Opinions

Alaska's child protectors are overwhelmed, poorly managed, understaffed

Richard Wexler, executive director of the National Coalition for Child Protection Reform suggested in a recent commentary that the Office of Children's Services here in Alaska may be using data gathered by the University of Alaska's Institute of Social and Economic Research that is built on dubious and even fallacious theory and fact. The specific issue is how many families are subject to multiple investigations and potential removal of children from their families.

Wexler alludes to the overwhelming tasks before the caseworkers. He doesn't discuss the half of it.

I work in Bethel at OCS, and although I am a new worker as a "Protective Service I," I am 77 years old and worked here for a short time 16 years ago when the agency was called the Division of Family and Youth Services. OCS has a top-down culture that encourages its workers to spend at least 60 percent of our time doing documentation to meet federal guidelines. Workers are told to follow a document of over 900 pages referred to as "Policy." I was forced to read this document when I was hired, as were all the workers.

Some supervisors are extremely poorly trained to be handling all the minutiae expected of us. Further, caseworkers and supervisors are fearful they will be reprimanded for not meeting the needs of the federal government because the feds provide needed funding. I suspect that were OCS to be evaluated by new-wave thinkers on how to run an organization as big as this one, they would suggest that a major internal overhaul was needed -- and not just in meeting federal guidelines, but in the manner in which people are treated and the amount of paperwork needed to protect children.

Wexler goes on to suggest that decision making at OCS is based on subjectivity rather than evidence-based thinking. More to the point, knee-jerk reaction is the means by which workers are tasked to do their jobs. I have more than 40 cases, mostly unfinished by those who have resigned or possibly been fired from the agency, and they were left partially or completely undone. Admittedly, I am not doing well in completing other people's work, and for all I know "Policy" has something to say about workers writing such commentaries as this one, but one only need listen to the overwhelming grumbling behind managers' backs and watch as supervisors do telephone interviews for new workers on a regular basis. The turnover rate is significant, and for many in Bethel, additional salary due to cost of living expenses here is the only reason they remain.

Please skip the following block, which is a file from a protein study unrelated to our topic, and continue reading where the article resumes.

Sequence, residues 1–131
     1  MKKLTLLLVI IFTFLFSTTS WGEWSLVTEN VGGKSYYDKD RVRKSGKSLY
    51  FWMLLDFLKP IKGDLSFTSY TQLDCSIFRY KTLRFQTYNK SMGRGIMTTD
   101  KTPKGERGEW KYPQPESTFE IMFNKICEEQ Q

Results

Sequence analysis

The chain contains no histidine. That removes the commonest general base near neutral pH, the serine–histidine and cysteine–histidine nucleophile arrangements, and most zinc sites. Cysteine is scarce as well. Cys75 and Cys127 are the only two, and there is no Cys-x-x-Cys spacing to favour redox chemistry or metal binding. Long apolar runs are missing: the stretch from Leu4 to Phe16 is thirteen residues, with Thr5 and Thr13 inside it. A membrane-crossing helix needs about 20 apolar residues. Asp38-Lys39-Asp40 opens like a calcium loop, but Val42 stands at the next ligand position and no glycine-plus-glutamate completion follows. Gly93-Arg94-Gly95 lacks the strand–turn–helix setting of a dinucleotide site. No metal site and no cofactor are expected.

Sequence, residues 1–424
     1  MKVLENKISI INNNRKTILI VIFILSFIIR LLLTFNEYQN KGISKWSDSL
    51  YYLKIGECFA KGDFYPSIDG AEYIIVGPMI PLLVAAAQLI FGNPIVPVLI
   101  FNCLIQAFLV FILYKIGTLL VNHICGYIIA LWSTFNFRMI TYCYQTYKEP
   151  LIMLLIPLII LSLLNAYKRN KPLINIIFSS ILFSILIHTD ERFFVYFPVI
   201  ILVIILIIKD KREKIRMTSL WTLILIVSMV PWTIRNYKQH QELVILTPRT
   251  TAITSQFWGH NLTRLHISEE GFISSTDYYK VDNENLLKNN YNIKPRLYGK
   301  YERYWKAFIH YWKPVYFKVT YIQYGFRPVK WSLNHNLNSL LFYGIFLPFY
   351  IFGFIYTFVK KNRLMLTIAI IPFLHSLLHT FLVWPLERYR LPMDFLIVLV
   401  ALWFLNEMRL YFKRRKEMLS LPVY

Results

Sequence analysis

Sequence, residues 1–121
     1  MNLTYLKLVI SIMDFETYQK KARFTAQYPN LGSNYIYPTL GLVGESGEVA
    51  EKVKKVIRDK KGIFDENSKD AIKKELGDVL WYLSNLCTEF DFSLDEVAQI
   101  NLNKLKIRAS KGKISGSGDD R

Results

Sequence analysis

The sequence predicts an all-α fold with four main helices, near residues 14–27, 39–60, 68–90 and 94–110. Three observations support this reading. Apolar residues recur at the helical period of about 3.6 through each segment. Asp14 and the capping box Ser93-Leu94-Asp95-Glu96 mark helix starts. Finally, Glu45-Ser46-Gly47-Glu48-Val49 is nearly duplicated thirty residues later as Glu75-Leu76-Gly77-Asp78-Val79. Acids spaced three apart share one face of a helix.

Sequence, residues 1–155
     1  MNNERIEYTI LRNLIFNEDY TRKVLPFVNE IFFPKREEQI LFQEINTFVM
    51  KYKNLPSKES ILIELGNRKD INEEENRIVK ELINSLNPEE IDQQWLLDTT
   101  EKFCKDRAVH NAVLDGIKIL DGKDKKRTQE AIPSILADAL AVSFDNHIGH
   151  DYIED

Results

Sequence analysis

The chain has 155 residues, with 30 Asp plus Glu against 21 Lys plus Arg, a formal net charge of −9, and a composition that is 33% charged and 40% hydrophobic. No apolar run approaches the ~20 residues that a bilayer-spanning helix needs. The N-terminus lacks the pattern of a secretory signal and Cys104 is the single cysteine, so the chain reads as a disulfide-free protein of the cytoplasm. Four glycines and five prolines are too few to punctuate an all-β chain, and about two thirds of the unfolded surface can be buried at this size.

Wexler states that OCS removes too many children from "loving homes" to foster homes, which comes back to haunt these children in the future. Most of the cases I have seen are related to alcohol consumption to a point where parents are not able to care for their kids. Almost all of the cases I have seen show that the parents were subject to alcohol-related abuse themselves by their parents and even perhaps grandparents. In other words, the acorn does not fall far from the tree.

The lead manager in Bethel, Fennisha Gardner, LCSW, a hard worker and exemplary tutor, suggests, if I understand her correctly, that alcohol is not responsible for poor parenting or in itself a safety threat to children. She challenges workers to prove otherwise. She admits that alcohol can increase the severity of abuse and/or neglect, but not that alcohol is responsible for poor parenting. She says she relies on evidence-based information to prove her point. Yet, she wants sober people to be found to care for the children while parents imbibe. So her argument is pure semantics. Children are subjected to horrors until someone not drinking can be located. I believe we have met the enemy, and in this instance, it is us.

Also, when there are 20 protective service reports (PSRs) on one family, something is wrong and I believe that we, as conscientious social workers and people from other human service backgrounds, need to look at this issue pretty much the way the court system looks at people who have many criminal charges and convictions. We are told that the four big issues are: physical abuse, sexual abuse, mental injury and neglect. It is implied that unless we see with our own eyes proof of one or more of these wrongs to children, the case should be unsubstantiated. Is this ethical? That is my question.

Lastly, I agree with Wexler on one point. Alaska needs to look at how other states deal with child abuse and neglect for sure, but I believe OCS needs to change its culture and needs to stop knee-jerk reacting and its use of fear and top-down management. I believe that workers need to be encouraged to think creatively and outside the box. Many workers will vehemently disagree with me publicly, but privately agree. I think we all understand why.

John Spitzberg is a retired special education teacher and master's-level social worker who has come out of retirement and took a job with the Office of Children's Services in Bethel, a job he is to leave at the end of January. He is a military veteran of 14 years, a writer and a father and husband. He wrote this commentary "with the hope that those in positions of power will consider what he has to say with an open mind."

The views expressed here are the writer's own and are not necessarily endorsed by Alaska Dispatch News, which welcomes a broad range of viewpoints. To submit a piece for consideration, email commentary@alaskadispatch.com. Send submissions shorter than 200 words to letters@alaskadispatch.com or click here to submit via any web browser.

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